MRD: Perhaps one of the things we are trying to encourage is to not see housing as a separate component of the city, but as an integrated component of the city. What we are actually trying to do is to generate a general understanding of the city, which we have lost because of all these specialisations. There’s the Department of Housing, the Department of Environment, and departments of this, that and the other. We have lost touch of how to think ecologically about the city. That’s one of the reasons the course is called Urban Ecologies. Not because we are trying to be green, but because we are trying to rebuild the city as an ecological, dynamic totality. In this case, most of the instruction that is going to happen in the programme is going to be trans-disciplinary, you’re going to have architects, social scientists, and together they are going to form a larger body that tackles the city in various areas.
JP: These courses have been described as part of a wider plan to ‘define the next phase of global design’. How integrated do you think sustainability is in that next phase?
MRD: We’re talking about sustainability within a system we call capitalism. It is inherently unsustainable. There are very big questions about what sustainability means in that system. One of the many topics these programmes will be tackling is alternative property systems that address social over consumer demands. We are moving away from the fad of sustainability meaning green buildings. Actually if we analyse green buildings I think we would find they are not so green as we think they are, especially when we look at labour issues, exploitation of people that develop them etc. We have to start thinking more on a macro level.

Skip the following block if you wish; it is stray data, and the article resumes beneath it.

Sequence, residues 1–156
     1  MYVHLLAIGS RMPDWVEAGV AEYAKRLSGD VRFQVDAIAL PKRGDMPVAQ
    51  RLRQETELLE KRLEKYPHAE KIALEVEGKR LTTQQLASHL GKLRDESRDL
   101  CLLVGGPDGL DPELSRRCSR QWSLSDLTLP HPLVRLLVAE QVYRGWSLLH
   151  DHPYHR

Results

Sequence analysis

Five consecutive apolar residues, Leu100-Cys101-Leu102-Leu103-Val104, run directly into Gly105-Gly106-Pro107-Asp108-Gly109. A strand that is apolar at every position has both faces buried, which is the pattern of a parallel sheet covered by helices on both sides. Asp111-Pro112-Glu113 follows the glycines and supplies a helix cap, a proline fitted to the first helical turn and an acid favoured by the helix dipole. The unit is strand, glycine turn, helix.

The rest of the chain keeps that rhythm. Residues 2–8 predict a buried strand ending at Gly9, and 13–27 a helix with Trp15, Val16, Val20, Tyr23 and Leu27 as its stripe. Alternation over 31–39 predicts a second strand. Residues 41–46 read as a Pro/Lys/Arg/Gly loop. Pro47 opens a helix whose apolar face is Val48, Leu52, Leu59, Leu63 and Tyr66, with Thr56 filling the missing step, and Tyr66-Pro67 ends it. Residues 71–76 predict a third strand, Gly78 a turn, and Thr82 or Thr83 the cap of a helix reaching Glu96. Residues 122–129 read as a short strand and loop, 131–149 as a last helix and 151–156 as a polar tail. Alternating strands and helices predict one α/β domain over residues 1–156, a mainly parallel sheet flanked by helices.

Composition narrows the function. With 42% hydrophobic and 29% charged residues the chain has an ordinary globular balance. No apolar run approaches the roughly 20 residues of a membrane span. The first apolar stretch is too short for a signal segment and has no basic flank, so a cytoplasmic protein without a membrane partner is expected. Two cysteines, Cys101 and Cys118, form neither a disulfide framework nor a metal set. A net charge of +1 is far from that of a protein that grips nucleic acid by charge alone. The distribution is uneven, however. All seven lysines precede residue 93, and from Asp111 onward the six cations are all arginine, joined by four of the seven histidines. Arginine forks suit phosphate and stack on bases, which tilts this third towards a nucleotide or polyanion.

AI: Similarly in the Urban Practice programme, as it is a more research-orientated programme, one can step back and ask the really meaningful questions. For example, the city versus nature dichotomy. What if we saw cities as part of nature? How would you see projects and interventions if everything you did was an integral part of nature rather than bringing nature into the city? This is kind of a philosophical discussion, but it leads to much more powerful forms of practice.